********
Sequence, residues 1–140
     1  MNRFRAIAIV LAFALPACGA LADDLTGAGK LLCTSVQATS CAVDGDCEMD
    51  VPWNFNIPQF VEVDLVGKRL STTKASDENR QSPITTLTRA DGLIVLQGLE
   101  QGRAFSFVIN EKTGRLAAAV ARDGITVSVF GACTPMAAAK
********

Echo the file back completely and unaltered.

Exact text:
Sequence, residues 1–140
     1  MNRFRAIAIV LAFALPACGA LADDLTGAGK LLCTSVQATS CAVDGDCEMD
    51  VPWNFNIPQF VEVDLVGKRL STTKASDENR QSPITTLTRA DGLIVLQGLE
   101  QGRAFSFVIN EKTGRLAAAV ARDGITVSVF GACTPMAAAK